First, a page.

For James DeHart, the U.S. State Department’s Arctic coordinator, a whirlwind tour of Alaska in earlier this month created some important impressions that will help inform the Biden administration’s policies.
DeHart spent about a week traveling the state from Seward on the Gulf of Alaska coast to Point Barrow, the northernmost point of land in the U.S. It was his first official trip to Alaska in his new role — he was appointed by former President Trump in September — and his first trip to the U.S. Arctic.
Chief among the lessons learned, he said, is the importance of keeping local people involved in the international Arctic policies and decisions. That means working with Alaska and Alaska constituencies — including local government officials, tribes, Native corporations and state leaders — as advisers and partners in cross-border relations, he said.
“Our diplomacy has to be informed by views on the local level, on the subnational level,” he said in an interview on his last day in Alaska.
The exchanges go both ways, he said. “It’s not just our interaction with people in Alaska. It’s how can Alaska connect to our partners overseas,” he said. There are common challenges and opportunities with places like Greenland and Arctic Canada, he said.
His trip left some strong impressions about life and work in Alaska, he said.
A day’s travel delay in Utqiagvik, where fog grounded air travel, was “a good education” about Alaska life, he said. So was a visit to the Utqiagvik grocery store, where a bottle of orange juice was priced at about $13.
A visit to the University of Alaska Fairbanks equipped him with information about the “fantastic” Arctic research happening there — a lot of it part of international collaborations coordinated through the eight-nation Arctic Council.
“Our new administration is very committed to scientific integrity,” he said. “That applies to the Arctic. The level of science that takes place in the region is virtually the gold standard, I think, and really important when you consider what’s happening with climate.”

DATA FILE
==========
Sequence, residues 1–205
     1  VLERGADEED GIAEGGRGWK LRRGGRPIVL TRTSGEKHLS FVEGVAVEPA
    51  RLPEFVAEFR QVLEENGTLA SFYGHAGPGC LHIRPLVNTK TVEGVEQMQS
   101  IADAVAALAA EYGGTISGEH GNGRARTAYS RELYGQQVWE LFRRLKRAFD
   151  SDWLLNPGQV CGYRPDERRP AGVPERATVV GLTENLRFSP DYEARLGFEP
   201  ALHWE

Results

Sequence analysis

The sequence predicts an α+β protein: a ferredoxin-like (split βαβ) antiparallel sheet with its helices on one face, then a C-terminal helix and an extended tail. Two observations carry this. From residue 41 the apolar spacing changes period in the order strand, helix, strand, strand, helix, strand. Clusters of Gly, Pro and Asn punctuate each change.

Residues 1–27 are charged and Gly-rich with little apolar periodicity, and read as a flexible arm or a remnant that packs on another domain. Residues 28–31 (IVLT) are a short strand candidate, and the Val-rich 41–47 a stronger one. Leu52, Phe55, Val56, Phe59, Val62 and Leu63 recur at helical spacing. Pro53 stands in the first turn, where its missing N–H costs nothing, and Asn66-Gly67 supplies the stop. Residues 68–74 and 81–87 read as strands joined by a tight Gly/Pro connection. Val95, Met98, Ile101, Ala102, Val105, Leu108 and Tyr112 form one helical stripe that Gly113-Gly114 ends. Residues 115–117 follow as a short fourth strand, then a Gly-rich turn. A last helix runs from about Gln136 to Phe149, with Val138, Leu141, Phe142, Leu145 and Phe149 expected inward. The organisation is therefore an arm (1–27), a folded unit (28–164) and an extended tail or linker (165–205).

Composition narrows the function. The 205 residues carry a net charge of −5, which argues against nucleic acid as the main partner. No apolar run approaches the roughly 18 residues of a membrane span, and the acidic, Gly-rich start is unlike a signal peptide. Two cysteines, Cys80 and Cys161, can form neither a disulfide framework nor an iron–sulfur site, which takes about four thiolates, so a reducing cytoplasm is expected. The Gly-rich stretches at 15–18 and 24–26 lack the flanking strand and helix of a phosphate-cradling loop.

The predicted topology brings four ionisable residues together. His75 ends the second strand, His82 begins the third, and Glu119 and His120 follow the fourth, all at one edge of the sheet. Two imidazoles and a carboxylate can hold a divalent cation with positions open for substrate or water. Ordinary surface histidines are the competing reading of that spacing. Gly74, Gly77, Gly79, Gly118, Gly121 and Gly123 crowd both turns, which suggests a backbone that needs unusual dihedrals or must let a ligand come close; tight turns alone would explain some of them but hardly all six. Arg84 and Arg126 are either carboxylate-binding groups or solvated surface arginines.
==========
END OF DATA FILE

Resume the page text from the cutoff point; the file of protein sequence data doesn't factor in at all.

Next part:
A tour of the U.S. Army Corps of Engineers Permafrost Tunnel Research Facility in Fairbanks and to dramatically retreating Exit Glacier at Kenai Fjords National Park in Seward gave him an up-close look at the impacts of climate change.
For DeHart, the Arctic coordinator position is the latest in a diplomatic career that has sent him to different corners of the world — notably to Afghanistan, where he was posted twice.
His position is not that of an Arctic ambassador. The U.S. has never formally had such a position, despite efforts in Congress over the years to create it, most recently a bill introduced in May.
Rather, DeHart said, his position is similar to that held by former Coast Guard Admiral Robert Papp in the Obama administration. He combines outward-facing diplomatic duties on the international stage with management duties inside the U.S. government.
Internally, agency responsibilities for Arctic work vary widely, including science, environmental protection, economic development, marine safety and national defense, among other subjects.
“We need to have a single comprehensive approach that combines all of these efforts together. That’s where our coordination office comes in,” he said.
Accordingly, his Alaska trip included visits to military sites and to the Department of Energy’s Arctic Energy Office in Fairbanks.
Internationally, U.S. Arctic policies can, in addition to addressing concerns like climate change, help bring some calm to what is otherwise a turbulent relationship with Russia.
The two countries, though adversaries in many areas, can find common ground in the matters taken up by the Arctic Council, where Russia launched its two-year chairmanship at the end of the Reykjavik ministerial meeting in May, said DeHart.
“It’s one of the rare venues now where the U.S. and Russia together with other Arctic Council partners can cooperate and work together constructively.”